James Edwards is riveting in a towering performance as Song Liling; one simply cannot take one’s eyes from him whenever he is on stage. The five-minute break between act two and three is an example of this. The house lights come up slightly, but the audience is not to leave the hall. Song Liling’s presence on stage transfixes those watching, as in a slow and controlled transformation, the true ‘Butterfly’ emerges. The developing dynamics in the personal relationship between Rene Gallimard and Song Liling are sensitively and realistically created by Whitrow and Edwards.
Particularly as Rene’s sexist friend Marc, but in each of his three various roles, Benjamin Orchard demonstrates versatility and produces a very good performance.
Dealing with only brief moments on stage to develop her character, Kyla Booth still shows the psychological isolation that Rene’s wife Helga endures.
As with the character of Helga, all other featured characters are fairly superficially explored in the script, but Chanelle Le Roux, David Rapkin and Kristin Telfer do good work with what the script does provide. Martin Wong and Fiona Chen do well with various characterisations in an essentially wordless ensemble of two.
It’s good to see local Asian actors such as Telfer, Wong and Chan giving authenticity to the Chinese roles.
Uneven accents for some actors let the production down.
St Jude’s Players is always innovative in the use of its small stage and this production is no exception. Don Oakley’s design successfully juxtaposes the atmosphere of the Beijing settings with those in France, including Rene Gallimard’s prison cell.
Costumes, particularly those of Song Liling, are excellent.
Director John Graham has designed the scene containing male nudity sensitively and effectively.
Although M. Butterfly is a very long play, the audience on opening night remained completely absorbed in the story and performance.
Highly recommended for all theatre lovers who enjoy confronting yet deeply affecting drama.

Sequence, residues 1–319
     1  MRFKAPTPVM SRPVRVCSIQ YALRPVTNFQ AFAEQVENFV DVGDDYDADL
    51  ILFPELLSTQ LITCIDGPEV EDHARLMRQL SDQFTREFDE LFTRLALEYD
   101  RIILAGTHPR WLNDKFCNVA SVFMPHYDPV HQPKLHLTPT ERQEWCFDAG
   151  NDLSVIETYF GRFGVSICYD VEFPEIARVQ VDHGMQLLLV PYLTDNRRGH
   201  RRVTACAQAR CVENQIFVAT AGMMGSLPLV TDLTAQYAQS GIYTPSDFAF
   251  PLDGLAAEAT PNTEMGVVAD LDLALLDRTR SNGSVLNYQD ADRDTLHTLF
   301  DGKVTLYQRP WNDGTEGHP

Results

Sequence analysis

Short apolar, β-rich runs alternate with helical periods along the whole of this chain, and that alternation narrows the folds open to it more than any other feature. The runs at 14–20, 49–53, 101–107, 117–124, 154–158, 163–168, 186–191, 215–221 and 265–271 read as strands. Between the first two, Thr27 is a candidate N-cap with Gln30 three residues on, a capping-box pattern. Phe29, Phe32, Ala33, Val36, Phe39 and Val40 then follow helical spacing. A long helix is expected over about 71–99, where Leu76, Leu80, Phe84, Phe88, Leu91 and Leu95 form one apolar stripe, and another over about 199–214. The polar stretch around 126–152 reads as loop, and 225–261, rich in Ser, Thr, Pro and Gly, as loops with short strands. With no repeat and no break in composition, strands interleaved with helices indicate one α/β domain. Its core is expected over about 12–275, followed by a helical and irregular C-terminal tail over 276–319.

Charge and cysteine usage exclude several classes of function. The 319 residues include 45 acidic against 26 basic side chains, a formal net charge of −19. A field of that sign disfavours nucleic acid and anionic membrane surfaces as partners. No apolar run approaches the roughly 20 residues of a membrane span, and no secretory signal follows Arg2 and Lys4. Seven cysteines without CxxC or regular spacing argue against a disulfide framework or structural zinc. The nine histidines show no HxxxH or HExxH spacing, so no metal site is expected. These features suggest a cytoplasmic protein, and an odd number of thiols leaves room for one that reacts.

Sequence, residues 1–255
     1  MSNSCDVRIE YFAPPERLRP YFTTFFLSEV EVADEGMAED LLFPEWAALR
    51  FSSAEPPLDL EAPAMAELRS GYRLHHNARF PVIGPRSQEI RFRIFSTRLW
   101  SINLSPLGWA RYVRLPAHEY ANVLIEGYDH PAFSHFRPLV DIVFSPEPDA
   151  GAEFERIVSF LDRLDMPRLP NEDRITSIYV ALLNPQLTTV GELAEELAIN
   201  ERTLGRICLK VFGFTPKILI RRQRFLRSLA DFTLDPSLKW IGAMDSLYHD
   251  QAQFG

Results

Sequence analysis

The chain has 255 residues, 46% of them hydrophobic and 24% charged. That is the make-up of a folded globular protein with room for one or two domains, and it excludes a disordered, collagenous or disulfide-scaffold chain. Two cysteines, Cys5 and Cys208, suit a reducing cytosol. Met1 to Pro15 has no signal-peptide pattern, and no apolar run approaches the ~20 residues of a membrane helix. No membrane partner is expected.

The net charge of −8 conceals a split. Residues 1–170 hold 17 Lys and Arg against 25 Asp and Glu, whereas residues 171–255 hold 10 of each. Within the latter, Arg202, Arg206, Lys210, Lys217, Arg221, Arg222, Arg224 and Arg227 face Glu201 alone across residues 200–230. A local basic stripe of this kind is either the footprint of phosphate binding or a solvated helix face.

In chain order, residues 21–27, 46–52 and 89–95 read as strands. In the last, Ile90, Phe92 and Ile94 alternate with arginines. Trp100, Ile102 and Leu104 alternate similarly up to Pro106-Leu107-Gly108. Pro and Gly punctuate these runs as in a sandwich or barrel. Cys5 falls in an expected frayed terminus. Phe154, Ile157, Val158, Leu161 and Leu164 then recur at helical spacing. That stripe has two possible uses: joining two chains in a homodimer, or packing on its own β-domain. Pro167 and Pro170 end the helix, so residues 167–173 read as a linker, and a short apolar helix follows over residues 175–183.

Lesley Reed
Stage Whispers
Peter Burdon - Advertiser
RACY fare for the venerable St Jude’s Players in the form of David Henry Hwang’s Tony Award-winning M. Butterfly, inspired by a true story that has such an obvious parallel with Puccini’s famous opera that you wonder why it hadn’t been written anyway.
The true story concerns a French diplomat who had a long affair with a singer in the Beijing opera, apparently unaware that the woman was not only a man but also a Chinese government spy!
But rather than focus on the incredulity of the situation, Hwang instead focused on the more resonant theme of tension, whether between men and women, or between East and West. The parallels to 21st century conflicts are unavoidable.
John Graham directs M. Butterfly with a light hand, and in the lead as the diplomat Rene Gallimard, James Whitrow owns the stage.
Ze outrageous French accent occasionally intrudes, but his depiction of an innocent lost in wonder is engaging.
His duplicitous paramour, Song Liling, is likewise impressively played by James Edwards, in a role that could descend to drag or parody but is kept firmly in check.
The touch should, however, have been somewhat firmer with some of the minor roles, especially in the all-Western ensemble sections which lacked the necessary vim and vigour.
M. Butterfly
Peter Burdon